Milkweed for Dinner: Sharing with the Monarchs

Milkweed shoots, flower buds, flowers, and pods are all edible, and are prized vegetables by many foragers. Unfortunately, due to lawns and parking lots and monoculture farm fields, milkweed has become scarce in some places. This can make it difficult for Monarch butterflies to find host plants for their caterpillars. And so, every year between May and August, there are numerous arguments between foragers and non-foragers, and even (especially?) among the foragers themselves, over whether or not it is ethical to harvest and consume the various milkweed parts. The answer? Maybe, if you can find the right circumstances. And that may be easier than you think.

First let’s talk about the plant. Milkweed grows in patches in fields and meadows. Patches can vary in size between a handful of stalks to hundreds, covering half an acre or more. These patches are actually made up of just a few, and often even just one, plant. The individual stalks are connected by underground rhizomes. These rhizomes grow each year and then overwinter and send up new shoots the next year. So every year a patch will grow a little. Interestingly, not all of the shoots in a patch will emerge at once. Milkweed likes to take it’s time and send up a few shoots each day over a period of a couple of weeks. Milkweed also takes it’s time with its flowers and pods. It produces several flower heads over a few weeks, maturing one at a time in succession. So it is not uncommon to see a plant with unopened flowers and opened flowers, or opened flowers and small pods, or even all three at the same time. The pods contain the seeds, with fluffy white tails designed to carry them to a new field to start a new patch.

By understanding the plant, we can take advantage of some of milkweed’s unique features to harvest without interfering with the monarchs. The first way to do that is to find patches where you can be sure no one else is harvesting, because the key is to only harvest each patch once per year. If you do that, you can harvest each part (shoot, flower bud, flower, and pod) without impacting the butterflies. When you pick the shoots, the plant will sense that it has been “grazed” and send up more. If you only do this once a year it will not deplete the plant’s resources. And only one or two flowers buds, flower heads, or pods on each stem will be in prime picking condition on any given day. So if you only pick each of these parts once in each patch you are only taking a small portion of what is being produced. And, again, the plant will sense it has been “browsed” and replace the small amount you took.

Still worried you may be competing with the monarchs? Let’s take it one step further. Find a milkweed patch near the edge of a mowed lawn. Check around your local parks, or make friends with local farmers and check around the edges of their yards. A few days after each mowing, from mid spring through mid summer, you will see milkweed shoots in the lawn. Those are just going to get mowed down, so why not harvest them? And since you have made friends with the local farmers, check out their hay fields. Milkweed often grows in hay fields, especially near the edges, and the hay will be mowed before the milkweed seeds have a chance to mature. This is also true for milkweeds growing along the sides of country roads that get mowed once or twice a year. So you can pick all the flower buds, flowers, and pods you want, and you are not taking anything that wasn’t already destined to be cut down.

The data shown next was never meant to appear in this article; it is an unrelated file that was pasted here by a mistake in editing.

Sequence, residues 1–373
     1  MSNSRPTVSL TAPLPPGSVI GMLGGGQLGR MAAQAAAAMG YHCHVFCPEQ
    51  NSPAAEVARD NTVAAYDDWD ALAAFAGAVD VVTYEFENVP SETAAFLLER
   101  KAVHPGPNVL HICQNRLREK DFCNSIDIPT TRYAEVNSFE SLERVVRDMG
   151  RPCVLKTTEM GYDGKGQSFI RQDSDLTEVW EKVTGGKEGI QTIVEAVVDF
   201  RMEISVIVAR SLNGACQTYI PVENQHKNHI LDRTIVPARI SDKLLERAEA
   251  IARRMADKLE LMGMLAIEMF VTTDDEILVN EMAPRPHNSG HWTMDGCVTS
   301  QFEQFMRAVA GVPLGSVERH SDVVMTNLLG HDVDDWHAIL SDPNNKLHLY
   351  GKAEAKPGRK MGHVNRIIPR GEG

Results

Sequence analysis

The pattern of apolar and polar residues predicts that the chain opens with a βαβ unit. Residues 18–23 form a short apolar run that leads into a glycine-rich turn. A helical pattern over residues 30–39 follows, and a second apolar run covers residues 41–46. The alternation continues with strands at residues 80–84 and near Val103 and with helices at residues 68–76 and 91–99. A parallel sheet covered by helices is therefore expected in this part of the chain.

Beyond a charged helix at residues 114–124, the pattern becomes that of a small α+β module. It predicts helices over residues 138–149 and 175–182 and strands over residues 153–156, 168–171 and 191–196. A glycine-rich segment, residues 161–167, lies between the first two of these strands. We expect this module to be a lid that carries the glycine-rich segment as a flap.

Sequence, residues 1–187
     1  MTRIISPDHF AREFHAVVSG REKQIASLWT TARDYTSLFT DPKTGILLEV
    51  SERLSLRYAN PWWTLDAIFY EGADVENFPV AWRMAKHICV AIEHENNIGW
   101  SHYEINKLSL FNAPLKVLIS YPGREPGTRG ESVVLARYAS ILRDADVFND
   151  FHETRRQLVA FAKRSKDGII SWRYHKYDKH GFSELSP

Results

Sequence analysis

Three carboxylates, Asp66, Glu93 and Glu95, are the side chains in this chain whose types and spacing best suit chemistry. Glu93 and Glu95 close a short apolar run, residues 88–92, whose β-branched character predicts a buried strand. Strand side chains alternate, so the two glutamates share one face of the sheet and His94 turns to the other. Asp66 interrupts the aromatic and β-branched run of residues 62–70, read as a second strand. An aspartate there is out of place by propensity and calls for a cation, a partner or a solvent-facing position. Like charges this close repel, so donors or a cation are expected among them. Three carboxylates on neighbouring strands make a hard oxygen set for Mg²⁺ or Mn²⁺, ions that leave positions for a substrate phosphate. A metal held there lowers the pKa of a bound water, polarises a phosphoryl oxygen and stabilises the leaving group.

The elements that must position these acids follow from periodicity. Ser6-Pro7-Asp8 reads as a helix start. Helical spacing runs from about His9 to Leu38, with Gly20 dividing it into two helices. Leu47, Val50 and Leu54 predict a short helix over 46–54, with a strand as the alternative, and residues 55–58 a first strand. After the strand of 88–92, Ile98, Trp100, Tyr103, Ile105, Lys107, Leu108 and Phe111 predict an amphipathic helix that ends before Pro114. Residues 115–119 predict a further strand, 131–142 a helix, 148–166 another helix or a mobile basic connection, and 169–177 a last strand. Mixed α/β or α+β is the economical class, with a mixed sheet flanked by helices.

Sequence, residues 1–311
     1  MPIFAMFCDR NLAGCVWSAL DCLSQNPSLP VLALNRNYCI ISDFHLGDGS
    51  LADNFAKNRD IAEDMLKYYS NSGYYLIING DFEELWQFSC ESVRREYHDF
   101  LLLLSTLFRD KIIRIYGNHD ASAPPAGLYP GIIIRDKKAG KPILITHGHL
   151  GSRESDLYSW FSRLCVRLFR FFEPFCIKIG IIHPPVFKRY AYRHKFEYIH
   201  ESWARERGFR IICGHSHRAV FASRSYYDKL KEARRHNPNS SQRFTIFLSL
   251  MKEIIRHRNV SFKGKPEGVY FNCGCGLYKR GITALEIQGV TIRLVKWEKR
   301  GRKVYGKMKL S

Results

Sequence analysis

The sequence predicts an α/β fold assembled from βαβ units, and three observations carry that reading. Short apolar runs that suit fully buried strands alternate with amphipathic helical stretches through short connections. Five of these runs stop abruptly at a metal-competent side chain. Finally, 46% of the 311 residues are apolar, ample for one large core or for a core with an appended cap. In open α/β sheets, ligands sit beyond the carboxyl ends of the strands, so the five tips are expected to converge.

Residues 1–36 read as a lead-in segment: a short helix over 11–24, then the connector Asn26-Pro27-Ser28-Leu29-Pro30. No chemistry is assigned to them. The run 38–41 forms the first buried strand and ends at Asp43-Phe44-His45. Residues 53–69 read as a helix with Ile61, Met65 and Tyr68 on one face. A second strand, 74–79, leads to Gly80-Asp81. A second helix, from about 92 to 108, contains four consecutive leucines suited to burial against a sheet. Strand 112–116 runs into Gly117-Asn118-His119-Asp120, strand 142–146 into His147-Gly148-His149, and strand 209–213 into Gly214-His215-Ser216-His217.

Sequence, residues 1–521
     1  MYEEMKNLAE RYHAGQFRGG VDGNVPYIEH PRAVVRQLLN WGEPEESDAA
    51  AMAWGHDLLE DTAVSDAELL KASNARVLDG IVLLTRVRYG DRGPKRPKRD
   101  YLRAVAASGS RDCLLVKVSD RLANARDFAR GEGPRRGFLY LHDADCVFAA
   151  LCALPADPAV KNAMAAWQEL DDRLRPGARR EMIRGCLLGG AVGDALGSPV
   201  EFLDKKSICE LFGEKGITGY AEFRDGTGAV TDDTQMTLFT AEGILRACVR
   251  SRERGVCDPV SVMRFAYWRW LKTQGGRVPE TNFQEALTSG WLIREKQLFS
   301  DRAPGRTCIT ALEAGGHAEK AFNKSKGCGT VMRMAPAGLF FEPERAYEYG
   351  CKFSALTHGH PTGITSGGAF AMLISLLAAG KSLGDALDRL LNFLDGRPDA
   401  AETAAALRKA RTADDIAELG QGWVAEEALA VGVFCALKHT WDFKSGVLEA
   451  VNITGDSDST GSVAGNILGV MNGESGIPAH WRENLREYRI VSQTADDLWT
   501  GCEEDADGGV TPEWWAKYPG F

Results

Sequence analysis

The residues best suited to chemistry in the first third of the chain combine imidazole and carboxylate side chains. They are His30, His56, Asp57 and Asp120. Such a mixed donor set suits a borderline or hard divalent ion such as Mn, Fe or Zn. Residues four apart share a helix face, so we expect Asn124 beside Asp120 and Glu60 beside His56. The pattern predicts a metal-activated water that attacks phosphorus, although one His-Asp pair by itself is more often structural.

By harvesting only once, or harvesting from places where the plants won’t last long enough to produce seed, you can ethically harvest milkweed without hurting the milkweeds or competing with the monarchs. And with just a little extra effort, I call it “paying for your groceries”, you can actually help both the plants and the butterflies. Since the vast majority of milkweed seeds end up in places where they won’t germinate, you can make up for what you have taken by collecting some seed when it is ready and helping it to find a suitable spot to begin a new patch. And while you are harvesting those buds, flowers, and pods in the hay field or ditch that’s going to be mowed, look for monarch caterpillars. You can move any that you find to a safe milkweed patch where they won’t be mowed down and killed.

So, can you ethically harvest milkweed shoots, flower buds, flowers, and pods without competing with the monarchs? Absolutely. You just have know the right places to look.

Want to learn more about foraging in the Great Lakes Area? Read other blog posts and subscribe to the blog here. Or sign up for upcoming camps and classes here. You can also subscribe to Will Forage for Food on YouTube, follow Will_Forage_for_Food on Instagram, and join the Will Forage for Food Facebook Group.